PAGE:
I Have a Big Mind, So I Can Keep Dreaming

I have a very big mind. I don’t know if you can quantify the size of a mind seeing as it is abstract. What I mean when I say I have a big mind is that it wanders. I have high ambitions for myself, and sometimes believe in them. I think I’m going to become an award-winning author, a Nobel prize receiving nutritionist (has that ever even happened?). I’m going to run marathons and go on to running ultra’s. I want to play instruments and dance like Darcey Bussell

I don’t just want to do all of this stuff. I strive to do it all. However, one obstacle keeps getting in my way. My mental health. I can be very disabling for me. Sometimes, when I am unwell, I can’t even cook or eat properly. I can’t wash. Going to the toilet feels like a chore. Understanding and depicting between reality and fantasy can be a challenge.

I think a lot. I use mindfulness to tame my thinking – and often my mind may be empty, and still I think a lot. I can switch off, but this doesn’t mean that I don’t want all of these things for myself, along with a fantastic relationship, and friends, and above all – learning to manage my mental health.

One thing I still struggle with a lot is knowing how much I can do. I often feel like I want every waking moment of my days to be achieving something – be that studying, learning, writing, reading, running, climbing, art. Perhaps I expect too much of myself. I’m not sure.

When I’m depressed though, something I always struggle with is my inability to do very much at all – and learning to reign in my ideals of how I want to live my life. Accepting the limitations placed on me by my illnesses is something I have not fully accepted. I have accepted it more than I could a few years ago: it is a process. At the same time, I don’t want to not live my life because of my illnesses. I don’t want to sell myself short. I think most people can relate to wanting to be the best version of themselves, and to wanting to live their life as the best version of themselves.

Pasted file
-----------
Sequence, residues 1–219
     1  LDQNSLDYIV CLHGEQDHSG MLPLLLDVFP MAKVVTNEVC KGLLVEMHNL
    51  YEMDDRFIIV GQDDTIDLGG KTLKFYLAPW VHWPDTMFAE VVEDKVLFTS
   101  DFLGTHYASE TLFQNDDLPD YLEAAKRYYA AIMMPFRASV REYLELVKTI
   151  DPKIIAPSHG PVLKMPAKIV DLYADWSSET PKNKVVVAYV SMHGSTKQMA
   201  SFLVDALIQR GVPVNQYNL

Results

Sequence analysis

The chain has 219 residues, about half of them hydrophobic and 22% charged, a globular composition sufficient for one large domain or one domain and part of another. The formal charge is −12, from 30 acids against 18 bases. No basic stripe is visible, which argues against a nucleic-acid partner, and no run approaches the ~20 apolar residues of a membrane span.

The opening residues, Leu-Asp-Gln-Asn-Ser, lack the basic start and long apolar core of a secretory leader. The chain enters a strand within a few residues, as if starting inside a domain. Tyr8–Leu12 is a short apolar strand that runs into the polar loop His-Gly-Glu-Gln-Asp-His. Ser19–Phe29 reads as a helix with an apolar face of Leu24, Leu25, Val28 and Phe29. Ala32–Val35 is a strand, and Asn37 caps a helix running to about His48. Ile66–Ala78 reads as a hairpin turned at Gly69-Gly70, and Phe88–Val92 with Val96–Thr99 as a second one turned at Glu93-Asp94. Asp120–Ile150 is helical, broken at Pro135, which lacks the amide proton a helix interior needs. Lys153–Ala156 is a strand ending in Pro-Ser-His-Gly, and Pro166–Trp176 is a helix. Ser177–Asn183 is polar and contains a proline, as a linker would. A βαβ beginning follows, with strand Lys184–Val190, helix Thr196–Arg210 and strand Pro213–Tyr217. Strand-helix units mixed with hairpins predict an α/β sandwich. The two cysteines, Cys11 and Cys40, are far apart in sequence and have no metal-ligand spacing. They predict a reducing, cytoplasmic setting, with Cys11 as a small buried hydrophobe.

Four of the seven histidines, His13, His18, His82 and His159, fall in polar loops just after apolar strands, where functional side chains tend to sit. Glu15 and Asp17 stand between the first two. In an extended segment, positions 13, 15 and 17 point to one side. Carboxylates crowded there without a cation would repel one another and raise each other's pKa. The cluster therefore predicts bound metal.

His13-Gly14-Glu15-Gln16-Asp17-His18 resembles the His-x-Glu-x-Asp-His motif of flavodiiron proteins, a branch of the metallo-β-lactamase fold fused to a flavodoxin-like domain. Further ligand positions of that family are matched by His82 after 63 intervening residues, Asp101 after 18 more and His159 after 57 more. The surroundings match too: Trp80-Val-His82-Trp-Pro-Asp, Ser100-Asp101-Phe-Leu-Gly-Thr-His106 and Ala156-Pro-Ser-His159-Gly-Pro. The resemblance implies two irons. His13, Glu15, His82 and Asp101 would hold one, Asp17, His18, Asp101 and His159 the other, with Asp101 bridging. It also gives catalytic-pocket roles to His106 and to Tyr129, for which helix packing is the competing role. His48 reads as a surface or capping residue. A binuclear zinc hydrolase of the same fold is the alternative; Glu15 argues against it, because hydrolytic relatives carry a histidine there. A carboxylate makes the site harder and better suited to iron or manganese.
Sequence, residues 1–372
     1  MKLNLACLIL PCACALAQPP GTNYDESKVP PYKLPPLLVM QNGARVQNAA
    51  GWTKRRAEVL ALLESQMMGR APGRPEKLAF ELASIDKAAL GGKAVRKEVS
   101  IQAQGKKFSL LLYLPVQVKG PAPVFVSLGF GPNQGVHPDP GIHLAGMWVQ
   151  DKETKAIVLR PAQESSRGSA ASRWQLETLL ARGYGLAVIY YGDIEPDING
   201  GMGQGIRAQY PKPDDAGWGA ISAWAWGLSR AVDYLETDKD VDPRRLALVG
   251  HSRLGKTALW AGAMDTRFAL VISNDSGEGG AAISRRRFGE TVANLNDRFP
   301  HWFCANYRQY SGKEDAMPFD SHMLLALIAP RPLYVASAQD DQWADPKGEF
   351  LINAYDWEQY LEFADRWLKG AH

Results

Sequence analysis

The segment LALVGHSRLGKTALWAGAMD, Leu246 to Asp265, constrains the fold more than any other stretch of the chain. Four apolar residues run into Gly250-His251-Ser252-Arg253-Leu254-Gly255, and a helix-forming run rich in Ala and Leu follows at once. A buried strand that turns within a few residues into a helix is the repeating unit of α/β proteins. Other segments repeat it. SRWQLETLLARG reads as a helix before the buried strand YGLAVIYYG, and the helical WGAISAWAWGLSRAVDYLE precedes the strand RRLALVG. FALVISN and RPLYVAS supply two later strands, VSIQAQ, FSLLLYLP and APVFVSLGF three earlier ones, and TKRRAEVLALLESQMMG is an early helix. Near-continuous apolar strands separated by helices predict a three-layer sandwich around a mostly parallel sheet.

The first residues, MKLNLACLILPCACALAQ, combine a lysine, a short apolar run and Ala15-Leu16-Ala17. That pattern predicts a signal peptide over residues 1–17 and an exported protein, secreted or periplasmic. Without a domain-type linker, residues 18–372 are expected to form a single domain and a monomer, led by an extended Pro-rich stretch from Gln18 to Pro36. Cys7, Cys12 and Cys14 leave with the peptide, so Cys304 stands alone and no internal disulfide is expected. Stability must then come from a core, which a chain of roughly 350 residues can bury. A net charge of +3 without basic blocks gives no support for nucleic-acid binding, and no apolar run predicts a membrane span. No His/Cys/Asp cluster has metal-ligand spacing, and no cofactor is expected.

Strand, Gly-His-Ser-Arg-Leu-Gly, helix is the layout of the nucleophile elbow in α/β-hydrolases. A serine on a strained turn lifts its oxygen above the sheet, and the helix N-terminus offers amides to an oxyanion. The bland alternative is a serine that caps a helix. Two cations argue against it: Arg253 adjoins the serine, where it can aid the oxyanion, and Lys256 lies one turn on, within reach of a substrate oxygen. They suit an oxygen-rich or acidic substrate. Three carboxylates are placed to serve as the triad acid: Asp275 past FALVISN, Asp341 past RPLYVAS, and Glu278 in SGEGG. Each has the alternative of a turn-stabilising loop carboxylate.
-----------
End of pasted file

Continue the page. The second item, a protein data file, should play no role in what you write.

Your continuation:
So accepting that I can only read a paragraph at a time, accepting that I can’t go out or leave the house, accepting that I can’t run 4 times a week because quite simply, I am too unwell is difficult to adapt to each time I get unwell. Unfortunately, for me, getting unwell is still a frequent part of my life and I wonder if ever I will be as well as I hope to be. I expected to be a fully functioning member of society with a brilliant job after being off work for 6 months. That was 6 years ago. Evidently, these hopes and desires didn’t quite pan out.

There are times when I wish I was someone else. There are more than numerous times when I wish I didn’t have my illnesses. In fact, I wish this most days that I’m affected negatively by them. I think that is natural, right? So here, on that point right there I need to do some more acceptance work. By that I don’t mean stop fighting and give in. By that I mean learn when to pull the reigns in and accept that for a period of time I probably can’t do everything I want to do or wish for.

The difficulty of this acceptance I think is compounded by the highs I experience. During these times, life is bloody wonderful and I’m functioning at 200%. I’m productive beyond measure, goal orientated like a world champion athlete chasing after an Olympic Gold. I’m talented. I’m brilliant. I’m capable of anything and everything I set myself to. This is called hypomania – and the part that gets me the most is the comparison.

When I am hypomanic, experiencing myself at 200% and loving it, producing grand plans and ideas of how I’m going to become successful in every sense of the word makes the contrast between this state and being so low I cannot leave my bed a more bitter pill to swallow – and in swallowing my meds, I am to an extent, forfeiting these periods of my best self.

Overall, I know it is worth it because I get severely depressed much more than I get hypomanic – yet the contrast of the, “but I’m so brilliant” during those times is a difficult price to pay for stability. Over the years I have refused medications and not taken my medication. Slowly I have learned that this is in fact the worst thing I can do because 90% I will go down, down, down. I have learned the importance of taking my meds, and the importance of self-care in terms of sleep hygiene, and keeping calm in my overall performance, because what is the use of functioning and being my best self at 200% for a few weeks once a year or so, compared to a functioning level between 60-70% for the majority of the time? It is an equation of better odds in longevity.

But I have a big mind and I despise not being capable. I despise not being independent 100% of the time. I resent the fact that I am resigned to not working full-time, perhaps ever. At times it eats me up inside that I may never reach my full best self due to my illness – and actively accepting that going to the shop for some milk and watching Netflix is as good as it’s going to get for a few weeks is a painful realisation to find yourself in when you have such a big mind.